The Origins of Buddhism [Asia Society]
"A short essay that explores how Buddhism grew out of Hinduism and spread from India to the rest of Asia. How does Buddhism vary from place to place, sect to sect? Learn about how the spread of ideas combine of new beliefs with existing thoughts and practices."
to Buddhism [PDF] [SPICE
Digest, Freeman Spogli Institute for International Studies, Stanford
A brief overview of the origins and basic tenets of Buddhism.
Foundations and Transformations of Buddhism: An Overview [ExEAS, Columbia
These materials are designed to serve as background materials on what Buddhism is, how it developed and spread, and how Buddhist traditions differ.
Video Unit Buddhism [Open Learning Initiative, Harvard Extension School]
Lecture 10 of 37 from the Harvard Open Learning Initiative course, China: Traditions and Transformations. This 50-minute lecture presentation, with an accompanying slide presentation that can be controlled separately, is part of an introductory course on China for undergraduates at Harvard. Taught by two of the leading scholars of the China field — professors Peter Bol and William Kirby — the presentations provide background for teachers and students alike. Suitable for secondary school classrooms, especially AP-World History courses. (The link above leads to the main course page listing all 37 lectures. Scroll to Lecture 10: Buddhism and select a connection type to view or listen to this lecture.)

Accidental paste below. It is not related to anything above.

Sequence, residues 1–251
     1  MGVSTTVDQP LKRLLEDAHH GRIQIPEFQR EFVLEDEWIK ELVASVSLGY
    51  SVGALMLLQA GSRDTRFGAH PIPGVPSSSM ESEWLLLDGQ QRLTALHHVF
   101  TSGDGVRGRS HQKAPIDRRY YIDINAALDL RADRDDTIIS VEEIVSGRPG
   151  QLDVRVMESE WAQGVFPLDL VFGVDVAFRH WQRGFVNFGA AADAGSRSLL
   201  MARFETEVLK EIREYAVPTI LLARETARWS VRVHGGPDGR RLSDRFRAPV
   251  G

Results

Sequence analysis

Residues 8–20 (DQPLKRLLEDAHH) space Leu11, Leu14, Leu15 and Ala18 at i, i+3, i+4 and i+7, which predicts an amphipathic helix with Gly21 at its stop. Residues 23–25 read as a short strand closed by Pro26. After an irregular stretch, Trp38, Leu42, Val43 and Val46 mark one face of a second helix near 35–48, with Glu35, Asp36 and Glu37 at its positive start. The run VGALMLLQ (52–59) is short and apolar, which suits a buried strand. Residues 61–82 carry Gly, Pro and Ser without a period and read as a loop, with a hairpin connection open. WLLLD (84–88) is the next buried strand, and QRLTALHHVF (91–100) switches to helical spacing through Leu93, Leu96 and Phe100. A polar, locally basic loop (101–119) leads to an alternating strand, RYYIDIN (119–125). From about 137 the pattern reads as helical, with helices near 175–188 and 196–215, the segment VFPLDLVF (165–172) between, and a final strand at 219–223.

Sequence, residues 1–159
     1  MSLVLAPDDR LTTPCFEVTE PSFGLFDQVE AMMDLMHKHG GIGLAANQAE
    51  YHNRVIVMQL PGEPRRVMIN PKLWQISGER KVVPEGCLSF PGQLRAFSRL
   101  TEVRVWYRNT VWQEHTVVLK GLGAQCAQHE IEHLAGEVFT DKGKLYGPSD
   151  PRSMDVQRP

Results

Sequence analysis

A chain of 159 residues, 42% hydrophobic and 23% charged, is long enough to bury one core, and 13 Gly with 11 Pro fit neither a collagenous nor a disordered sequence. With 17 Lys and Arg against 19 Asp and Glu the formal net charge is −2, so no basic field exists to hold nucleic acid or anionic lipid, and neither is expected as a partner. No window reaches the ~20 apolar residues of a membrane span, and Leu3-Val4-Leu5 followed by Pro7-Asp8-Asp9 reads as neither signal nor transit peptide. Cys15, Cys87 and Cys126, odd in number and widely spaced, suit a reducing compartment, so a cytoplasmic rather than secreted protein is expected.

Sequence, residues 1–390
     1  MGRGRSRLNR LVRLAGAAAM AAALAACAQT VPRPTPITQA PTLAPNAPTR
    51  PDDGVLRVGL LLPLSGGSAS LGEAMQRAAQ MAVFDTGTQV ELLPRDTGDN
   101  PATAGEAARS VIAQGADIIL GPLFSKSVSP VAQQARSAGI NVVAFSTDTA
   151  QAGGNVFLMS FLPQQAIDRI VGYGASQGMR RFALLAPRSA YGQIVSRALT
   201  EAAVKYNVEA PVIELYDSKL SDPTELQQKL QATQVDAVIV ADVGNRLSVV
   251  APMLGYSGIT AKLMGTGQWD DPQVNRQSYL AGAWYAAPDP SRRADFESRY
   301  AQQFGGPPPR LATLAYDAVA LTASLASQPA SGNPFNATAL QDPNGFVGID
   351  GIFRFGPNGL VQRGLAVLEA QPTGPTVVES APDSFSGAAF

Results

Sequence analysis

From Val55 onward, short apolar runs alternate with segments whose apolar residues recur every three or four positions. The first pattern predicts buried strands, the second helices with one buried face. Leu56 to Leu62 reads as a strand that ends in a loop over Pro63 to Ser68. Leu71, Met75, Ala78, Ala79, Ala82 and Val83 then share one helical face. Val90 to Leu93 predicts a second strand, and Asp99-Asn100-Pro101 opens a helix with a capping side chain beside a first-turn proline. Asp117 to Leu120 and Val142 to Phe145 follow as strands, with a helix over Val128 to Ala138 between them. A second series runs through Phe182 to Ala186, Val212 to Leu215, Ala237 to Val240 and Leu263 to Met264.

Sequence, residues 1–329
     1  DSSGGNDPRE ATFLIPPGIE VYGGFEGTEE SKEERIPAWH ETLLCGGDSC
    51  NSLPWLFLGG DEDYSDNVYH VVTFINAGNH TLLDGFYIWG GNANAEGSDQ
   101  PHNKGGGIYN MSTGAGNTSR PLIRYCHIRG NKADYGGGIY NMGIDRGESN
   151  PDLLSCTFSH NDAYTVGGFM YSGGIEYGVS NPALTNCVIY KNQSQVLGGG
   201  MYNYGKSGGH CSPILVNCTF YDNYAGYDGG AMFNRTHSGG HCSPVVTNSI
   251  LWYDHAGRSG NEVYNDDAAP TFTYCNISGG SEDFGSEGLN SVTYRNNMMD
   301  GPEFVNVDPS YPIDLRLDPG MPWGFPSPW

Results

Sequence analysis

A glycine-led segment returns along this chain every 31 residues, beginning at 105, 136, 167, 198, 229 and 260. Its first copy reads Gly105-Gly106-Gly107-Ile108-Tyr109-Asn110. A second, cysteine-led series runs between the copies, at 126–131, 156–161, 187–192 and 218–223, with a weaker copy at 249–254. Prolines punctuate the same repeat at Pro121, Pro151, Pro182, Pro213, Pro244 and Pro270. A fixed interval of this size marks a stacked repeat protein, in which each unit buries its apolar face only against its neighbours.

The Travel Records of Chinese Pilgrims Faxian, Xuanzang, and Yijing: Sources for Cross-cultural Encounters between Ancient China and Ancient India [Education
About Asia, Association for Asian Studies]
Article with maps about three Chinese monks who traveled to India: Faxian (337?-422?), Xuanzang
(600?-664), and Yijing (635-713). Users will be asked to register (for free) with Education About Asia to access the article. When you are logged in, the title link above will take you directly to the PDF.
Interactive Map The Spread of Buddhism [Pacific Asia Museum]
To access the map from the main page of this Flash website, select any of the four topics, then select 'Timeline & Map' from the menubar at the bottom of the page. A timeline-map of the Buddha's life will appear first. Select 'Spread of Buddhism' at the bottom-right to get to the interactive timeline-map showing the spread of Buddhism. There is also a PDF version of the map available on the HTML version of the website.
Buddhism on the Silk Road [International Dunhuang Project]
"The civilizations which flourished along the Silk Road in the first millennium CE were open to cultural and religious influences from both East and West. Many religions, including Christianity, Buddhism, Hinduism, Islam, Zoroastrianism and Manichaeism, gained new followers. But it was Buddhism, travelling the trade routes of the Silk Road, which became the common factor uniting the different peoples of the Silk Road." See especially the section on Chinese Buddhism. Also see the IDP website's Education section for more units about the Silk Road.
Buddhism [A Visual Sourcebook of Chinese Civilization, University of Washington]